For many in the modern West, mysticism now means the same thing as mystification, referring to a twilight world of the irrational and paranormal. If there’s a mysticism section at your local bookstore, what you’ll find there is likely a farrago of New Age blather, texts on crystal handling and tarot-card reading, and yoga manuals that promise weight loss and a better sex life. The idea behind this commercial convention is that mysticism is all about esoteric knowledge.
In the preface to her famous book on mysticism, now a century old, Evelyn Underhill wrote that her own understanding of the word had nothing in common with the way it was generally used even then. Mysticism, she observed, had become an “excuse for every kind of occultism, for dilute transcendentalism, vapid symbolism, religious or aesthetic sentimentality, and bad metaphysics.” (And she had never stepped foot in a Barnes & Noble.) As the late French scholar Michel de Certeau showed in his book The Mystic Fable, this popular understanding of mysticism can be traced back to the second half of the seventeenth century. But for Christians, the term mysticism has another meaning.
It is generally recognized that St. John of the Cross (1542–91) was a mystic. What does that mean exactly? What did he understand mysticism to be? In fact, John might have been puzzled if someone had called him a mystic, if only because the terms “mystic” and “mysticism” were not yet in common usage when he lived. Yet St. John was familiar with the term “mystical theology,” which has a very long ancestry. In The Ascent of Mount Carmel, he writes, “Contemplation, by which the intellect has a higher knowledge of God, is called mystical theology, meaning the secret wisdom of God.” Elsewhere in his writings, John will use the adjective “mystical” to modify both “wisdom” and “knowledge.”
A closer look at the second part of the phrase “mystical theology” might help us understand the first. For John, the word “theology” referred not to an academic discipline but to the inner life of the holy Trinity, by which, in an eternal now, the Father utters the Word (Logos) and breathes forth that love we call the Spirit. The tradition that nourished St. John distinguished this inner life of the Trinity from the pouring forth of that life by way of revelation—first in creation, then in the life of the Chosen People, and finally in the Incarnation. The former is called “theology”; the latter, “economy.” In the first millennium, then, theology meant either the inner life of the Trinity or our participation in that life. In the words of Evagrius of Pontus, “Whoever prays is a theologian.”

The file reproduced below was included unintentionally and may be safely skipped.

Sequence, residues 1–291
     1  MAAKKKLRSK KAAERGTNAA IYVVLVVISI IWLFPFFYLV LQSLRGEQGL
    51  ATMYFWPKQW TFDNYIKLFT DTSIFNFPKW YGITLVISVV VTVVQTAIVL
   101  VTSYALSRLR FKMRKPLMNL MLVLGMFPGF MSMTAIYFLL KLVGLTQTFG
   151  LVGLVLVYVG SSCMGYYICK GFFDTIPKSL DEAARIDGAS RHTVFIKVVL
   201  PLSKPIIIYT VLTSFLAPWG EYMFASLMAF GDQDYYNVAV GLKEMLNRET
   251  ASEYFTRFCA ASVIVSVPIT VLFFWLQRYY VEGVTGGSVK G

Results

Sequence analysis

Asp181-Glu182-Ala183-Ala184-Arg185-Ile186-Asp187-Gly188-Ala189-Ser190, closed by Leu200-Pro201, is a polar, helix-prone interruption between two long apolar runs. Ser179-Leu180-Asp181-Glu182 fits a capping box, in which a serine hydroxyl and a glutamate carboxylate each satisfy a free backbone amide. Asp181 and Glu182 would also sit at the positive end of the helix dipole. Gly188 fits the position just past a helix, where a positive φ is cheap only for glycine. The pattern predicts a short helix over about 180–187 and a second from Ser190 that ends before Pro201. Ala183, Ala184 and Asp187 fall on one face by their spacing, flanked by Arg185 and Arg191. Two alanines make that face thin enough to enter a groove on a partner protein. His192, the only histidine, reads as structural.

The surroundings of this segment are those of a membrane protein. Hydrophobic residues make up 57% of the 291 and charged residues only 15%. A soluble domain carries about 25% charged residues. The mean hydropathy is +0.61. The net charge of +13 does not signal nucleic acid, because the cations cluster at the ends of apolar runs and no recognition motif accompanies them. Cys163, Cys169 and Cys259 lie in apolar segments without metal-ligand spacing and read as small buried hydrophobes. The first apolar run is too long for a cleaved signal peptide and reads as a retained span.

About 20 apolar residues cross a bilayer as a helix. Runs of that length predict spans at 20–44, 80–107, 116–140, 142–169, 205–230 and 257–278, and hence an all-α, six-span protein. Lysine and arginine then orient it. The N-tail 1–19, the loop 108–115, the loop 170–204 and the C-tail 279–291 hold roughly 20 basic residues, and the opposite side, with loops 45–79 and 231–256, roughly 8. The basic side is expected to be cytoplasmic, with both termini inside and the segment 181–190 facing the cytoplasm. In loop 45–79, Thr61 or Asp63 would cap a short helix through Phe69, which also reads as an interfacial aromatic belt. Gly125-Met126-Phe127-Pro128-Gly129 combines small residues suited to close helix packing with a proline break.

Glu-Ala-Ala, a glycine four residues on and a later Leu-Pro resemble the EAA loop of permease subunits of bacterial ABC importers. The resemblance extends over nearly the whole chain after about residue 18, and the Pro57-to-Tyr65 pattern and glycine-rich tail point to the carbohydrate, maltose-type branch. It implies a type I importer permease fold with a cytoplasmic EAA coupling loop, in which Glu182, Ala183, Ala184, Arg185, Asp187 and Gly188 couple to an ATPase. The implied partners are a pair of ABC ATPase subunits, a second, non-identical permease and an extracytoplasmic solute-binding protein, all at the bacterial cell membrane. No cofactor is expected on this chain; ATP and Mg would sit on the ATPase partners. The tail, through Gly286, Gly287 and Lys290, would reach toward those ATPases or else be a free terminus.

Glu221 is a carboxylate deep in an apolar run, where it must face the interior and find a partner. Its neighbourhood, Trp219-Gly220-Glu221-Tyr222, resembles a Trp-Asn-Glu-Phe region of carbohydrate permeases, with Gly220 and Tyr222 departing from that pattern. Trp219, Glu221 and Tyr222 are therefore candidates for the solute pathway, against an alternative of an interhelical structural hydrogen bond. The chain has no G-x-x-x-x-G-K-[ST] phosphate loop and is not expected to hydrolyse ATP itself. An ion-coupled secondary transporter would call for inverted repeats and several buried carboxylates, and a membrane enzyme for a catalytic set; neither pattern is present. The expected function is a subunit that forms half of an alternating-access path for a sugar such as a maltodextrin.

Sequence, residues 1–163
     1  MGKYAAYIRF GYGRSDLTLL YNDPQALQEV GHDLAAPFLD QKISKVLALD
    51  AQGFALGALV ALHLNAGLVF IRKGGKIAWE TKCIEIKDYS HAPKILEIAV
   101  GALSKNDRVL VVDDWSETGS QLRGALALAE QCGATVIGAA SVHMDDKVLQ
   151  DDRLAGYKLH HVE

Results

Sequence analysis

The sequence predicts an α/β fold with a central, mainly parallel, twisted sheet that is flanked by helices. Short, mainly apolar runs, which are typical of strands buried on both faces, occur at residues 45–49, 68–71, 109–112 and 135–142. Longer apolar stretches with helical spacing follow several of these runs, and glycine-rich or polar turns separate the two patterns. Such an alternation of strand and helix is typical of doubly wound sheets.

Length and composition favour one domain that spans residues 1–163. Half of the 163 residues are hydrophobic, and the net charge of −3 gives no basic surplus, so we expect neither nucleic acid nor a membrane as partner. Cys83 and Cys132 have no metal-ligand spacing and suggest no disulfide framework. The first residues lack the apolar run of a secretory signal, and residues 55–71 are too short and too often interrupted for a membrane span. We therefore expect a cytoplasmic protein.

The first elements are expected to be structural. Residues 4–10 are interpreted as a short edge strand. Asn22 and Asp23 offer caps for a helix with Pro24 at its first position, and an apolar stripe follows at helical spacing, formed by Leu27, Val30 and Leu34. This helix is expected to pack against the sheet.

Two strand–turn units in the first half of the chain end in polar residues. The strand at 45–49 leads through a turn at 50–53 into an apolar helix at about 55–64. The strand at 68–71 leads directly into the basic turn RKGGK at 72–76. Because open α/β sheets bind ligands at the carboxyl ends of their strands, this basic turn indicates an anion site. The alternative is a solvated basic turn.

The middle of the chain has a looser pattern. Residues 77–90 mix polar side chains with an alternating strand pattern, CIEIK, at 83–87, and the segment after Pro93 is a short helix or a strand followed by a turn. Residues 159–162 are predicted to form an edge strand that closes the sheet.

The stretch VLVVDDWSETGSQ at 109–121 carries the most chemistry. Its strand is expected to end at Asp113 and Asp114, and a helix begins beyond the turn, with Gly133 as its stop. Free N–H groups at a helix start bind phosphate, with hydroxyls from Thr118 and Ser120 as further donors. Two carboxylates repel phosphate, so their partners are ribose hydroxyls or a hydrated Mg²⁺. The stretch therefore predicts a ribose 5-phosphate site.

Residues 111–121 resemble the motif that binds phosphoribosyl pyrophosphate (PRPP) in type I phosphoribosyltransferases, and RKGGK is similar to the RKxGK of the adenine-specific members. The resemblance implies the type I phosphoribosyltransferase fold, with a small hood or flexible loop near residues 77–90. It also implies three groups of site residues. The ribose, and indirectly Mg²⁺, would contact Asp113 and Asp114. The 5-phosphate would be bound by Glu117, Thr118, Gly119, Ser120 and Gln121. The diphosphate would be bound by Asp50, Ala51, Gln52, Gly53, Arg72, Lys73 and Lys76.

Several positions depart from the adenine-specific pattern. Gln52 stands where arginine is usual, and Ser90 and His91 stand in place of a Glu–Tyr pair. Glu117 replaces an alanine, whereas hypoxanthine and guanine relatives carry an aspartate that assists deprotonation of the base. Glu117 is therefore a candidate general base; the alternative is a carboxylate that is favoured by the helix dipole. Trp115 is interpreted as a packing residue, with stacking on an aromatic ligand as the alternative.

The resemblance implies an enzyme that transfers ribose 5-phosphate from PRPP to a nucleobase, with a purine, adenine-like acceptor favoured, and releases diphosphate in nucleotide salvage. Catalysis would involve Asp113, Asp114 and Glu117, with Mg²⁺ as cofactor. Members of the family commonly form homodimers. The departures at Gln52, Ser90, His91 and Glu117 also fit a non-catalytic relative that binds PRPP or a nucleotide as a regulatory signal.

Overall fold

The adjective “mystical” was used by the ancient Christian writers to describe a variety of things, but generally it simply meant “hidden.” Scripture had both a plain sense, which every literate person could understand, and a hidden, “mystical” one discovered only through the eyes of faith. The Eucharist, too, had both a plain sense (bread and wine) and a mystical one for those who received it in faith; for them, it was the body and blood of Christ. The same adjective was used for the church, which could be viewed either as a sociological reality or as the Mystical Body of Christ. The cognate word mystery was frequently a synonym for a sacrament because a sacrament had both a plain and a hidden meaning. Baptism involved both a visible pouring of water and an invisible regeneration.
Mystical theology, then, was the hidden outpouring of trinitarian love as Christians experience it. The term was coined around the year 500 AD by an unknown monastic writer who claimed to be the Dionysius converted by St. Paul in Athens (Acts 17:34). Pseudo-Dionysius’s short treatise The Mystical Theology, which is less than ten pages long in English translation, was a companion to another work known as The Divine Names. The two texts were meant to be read together dialectically. Pseudo-Dionysius understood that one can affirm many things of God, as testified by the many names ascribed to God in sacred Scripture. Yet none of those names is adequate to the profound reality to which they refer. God is not really a shepherd, and is only analogously a rock or a father. It’s worth noting that Pseudo-Dionysius begins his treatise on mystical theology with a prayer to the Trinity, for the trinitarian mystery is radically unknowable. Thus, mystical theology means the hidden discourse of God. The fourteenth-century author of The Cloud of Unknowing, who translated Pseudo-Dionysius’s text into Middle English, got it right when he called his translation “Denys’s hidden divinity.”